Subscription Commerce Increases Cost Of Meals

While trendy meal kit options from services such as Blue Apron or Plated may be attractive, a new study by NPD finds that the convenience of that factor may actually be more expensive.

A new survey from NPD tells us that an average meal kit on demand costs about $10 to $12. Heading to the grocery store and purchasing those same ingredients a la carte, however, would cost about half that amount, states NPD.

Is that a bargain for you?

Well, it probably depends on who you are and where you live …

Darren Seifer, Executive Director at the NPD group, echoed these thoughts recently, when he said Plated was more convenient for him than shopping for groceries in New York City, but reiterated that these “plated meals really belong to what exactly type of culinary experience you are looking for.”

“One of the most interesting findings was that the majority of users said had they not prepared a meal from the kit they would have made another meal from their homes,” Seifer said. “In other words, meal kits are mostly replacing meals from the home but at higher prices.”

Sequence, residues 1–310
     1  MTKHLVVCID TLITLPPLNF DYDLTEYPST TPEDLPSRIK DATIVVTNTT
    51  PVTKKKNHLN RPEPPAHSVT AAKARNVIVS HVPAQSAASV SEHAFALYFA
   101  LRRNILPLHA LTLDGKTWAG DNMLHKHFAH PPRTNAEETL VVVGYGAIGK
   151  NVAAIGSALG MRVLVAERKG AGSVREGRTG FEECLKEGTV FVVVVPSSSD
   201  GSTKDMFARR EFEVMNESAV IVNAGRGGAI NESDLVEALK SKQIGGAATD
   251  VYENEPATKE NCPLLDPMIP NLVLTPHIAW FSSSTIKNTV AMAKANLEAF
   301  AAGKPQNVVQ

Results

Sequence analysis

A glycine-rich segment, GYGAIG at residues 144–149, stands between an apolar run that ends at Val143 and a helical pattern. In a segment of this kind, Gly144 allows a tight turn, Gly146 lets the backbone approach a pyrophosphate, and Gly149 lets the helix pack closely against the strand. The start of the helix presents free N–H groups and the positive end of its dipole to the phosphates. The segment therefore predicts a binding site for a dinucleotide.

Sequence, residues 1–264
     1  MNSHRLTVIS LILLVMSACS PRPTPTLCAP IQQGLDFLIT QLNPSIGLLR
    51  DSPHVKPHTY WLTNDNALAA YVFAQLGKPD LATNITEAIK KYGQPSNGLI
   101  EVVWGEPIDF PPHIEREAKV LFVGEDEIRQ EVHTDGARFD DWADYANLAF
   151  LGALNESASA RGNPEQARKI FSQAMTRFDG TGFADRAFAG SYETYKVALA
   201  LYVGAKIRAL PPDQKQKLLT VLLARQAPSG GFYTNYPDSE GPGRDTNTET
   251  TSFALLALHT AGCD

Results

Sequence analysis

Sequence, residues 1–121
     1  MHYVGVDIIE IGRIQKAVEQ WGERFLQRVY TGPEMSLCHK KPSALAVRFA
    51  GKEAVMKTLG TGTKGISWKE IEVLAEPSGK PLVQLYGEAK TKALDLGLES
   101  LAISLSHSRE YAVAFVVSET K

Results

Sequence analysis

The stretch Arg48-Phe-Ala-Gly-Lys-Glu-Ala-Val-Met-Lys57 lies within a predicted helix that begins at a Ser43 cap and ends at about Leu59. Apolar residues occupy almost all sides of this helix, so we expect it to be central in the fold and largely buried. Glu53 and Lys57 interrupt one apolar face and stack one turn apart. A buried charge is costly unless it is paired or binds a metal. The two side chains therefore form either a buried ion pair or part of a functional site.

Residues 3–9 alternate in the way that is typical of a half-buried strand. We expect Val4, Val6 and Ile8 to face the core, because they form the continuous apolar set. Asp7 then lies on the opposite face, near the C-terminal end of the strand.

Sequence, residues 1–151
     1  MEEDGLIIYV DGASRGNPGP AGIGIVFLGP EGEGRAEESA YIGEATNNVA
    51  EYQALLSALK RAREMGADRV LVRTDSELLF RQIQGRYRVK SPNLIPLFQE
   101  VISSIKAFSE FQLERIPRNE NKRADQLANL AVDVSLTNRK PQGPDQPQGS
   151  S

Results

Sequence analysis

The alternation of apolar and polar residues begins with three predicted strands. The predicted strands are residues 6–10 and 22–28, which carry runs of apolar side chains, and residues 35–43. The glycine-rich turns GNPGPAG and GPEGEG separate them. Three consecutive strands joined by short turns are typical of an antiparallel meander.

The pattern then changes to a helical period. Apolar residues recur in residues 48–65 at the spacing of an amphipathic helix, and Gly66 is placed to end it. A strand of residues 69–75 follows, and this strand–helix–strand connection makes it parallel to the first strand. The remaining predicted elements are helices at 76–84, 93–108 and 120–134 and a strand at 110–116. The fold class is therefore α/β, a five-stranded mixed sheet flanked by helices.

As noted in PYMNTS' Uber of X tracker, similar services have struggled to ignite. In April, on-demand meal kit service Kitchit closed down after finding itself unable to raise new funds.

“Less capitalized peers have fared worse. SpoonRocket, Dinner Lab, and most recently Kitchensurfing, at times our closest rival, have all failed to garner sufficient investment to extend their work. Today Kitchit joins their ranks,” a statement on the company’s site read.

As mentioned in the above quotes, SpoonRocket, Dinner Lab and Kitchensurfing were all meal on-demand platforms that allowed customers to order a hot and ready to go pre-cooked, home-cooked meal (as opposed to a meal from a restaurant). Two out of three all folded for lack of funding.

SpoonRocket was the exception. Though it initially announced its bankruptcy after being unable to raise additional funds or find a buyer, the firm pulled off a last-minute deal with Brazilian firm iFood.

And while there still remains plenty of buzz surrounding meal kits on demand, the jury is still out on the appropriate price tag for convenience.



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